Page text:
Leaders promoted internally require as much support as external hires

During the onboarding process of integrating external hires, many companies provide new leaders with extensive support, including briefings on the business, help connecting to key stakeholders and transition coaching. Leaders promoted to higher roles from within the organization are often left to fend for themselves.

This is a critical and senseless mistake, Michael Watkins, cofounder of Genesis Advisers and author of The First 90 Days: Proven Strategies for Getting Up to Sped Faster and Smarter, wrote in an article in the Harvard Business Review.

The logic may be that leaders promoted from within an organization already know the company and therefore don't need any help adjusting to their new role. This is false.

This lack of support is hugely detrimental to the new leader and the organization, as it results in unnecessary failures and their associated costs. According to Mr. Watkins, failing to provide promoted leaders with adequate support slows their transition and prevents them from creating value as quickly as possible.

The focus on onboarding external hires produces excellent results, according to Mr. Watkins, such as the reduction of new hire failure rates from 40 percent to 10 or 15 percent in many companies. Such gains could be made if the same resources were offered to promoted leaders going through the "inboarding" process, a term Mr. Watkins coined.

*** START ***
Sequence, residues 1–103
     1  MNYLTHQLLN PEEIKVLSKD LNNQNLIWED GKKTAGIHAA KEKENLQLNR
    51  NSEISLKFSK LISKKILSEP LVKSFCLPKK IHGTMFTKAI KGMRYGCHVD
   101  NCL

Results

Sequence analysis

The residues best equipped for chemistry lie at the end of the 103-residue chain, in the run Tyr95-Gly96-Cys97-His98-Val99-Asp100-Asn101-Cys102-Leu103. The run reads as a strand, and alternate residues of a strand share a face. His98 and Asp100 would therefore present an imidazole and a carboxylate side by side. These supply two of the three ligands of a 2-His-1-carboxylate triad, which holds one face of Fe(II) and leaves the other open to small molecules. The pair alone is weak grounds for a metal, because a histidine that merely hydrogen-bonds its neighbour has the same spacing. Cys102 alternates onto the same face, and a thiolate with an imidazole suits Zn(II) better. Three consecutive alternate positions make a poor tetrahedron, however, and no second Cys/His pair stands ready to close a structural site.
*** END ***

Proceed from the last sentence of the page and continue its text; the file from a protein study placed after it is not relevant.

During interviews with leaders promoted from within companies, many told Mr. Watkins internal transitions can be just as difficult as onboarding from the outside. Major challenges including moves to different units or cities and adjusting to different cultures and political networks. 

Organizations can better support all new leaders — including both external and internal hires — by taking the following three steps, according to Mr. Watkins.

1. Create an enterprise transition system. This includes adopting a common methodology, framework and tools so that everyone is on the same page regarding the challenges leaders are facing. This will not only accelerate the leader's time to transition into his or her new role, but it will accelerate everyone else's transition time as well.

2. Assess the transition risk. Some transitions are more difficult than others, therefore posing greater risk. For instance, hiring decisions that result in multiple transitions — such as moving to a new city, working on a new business line or switching operational functions — are riskier. Assessing the risk level and providing support accordingly will help mitigate the risk.

3. Tailor support to the types of transitions leaders face. Culture and politics usually pose the biggest challenges to new leaders, whether they come from outside the organization or within it.

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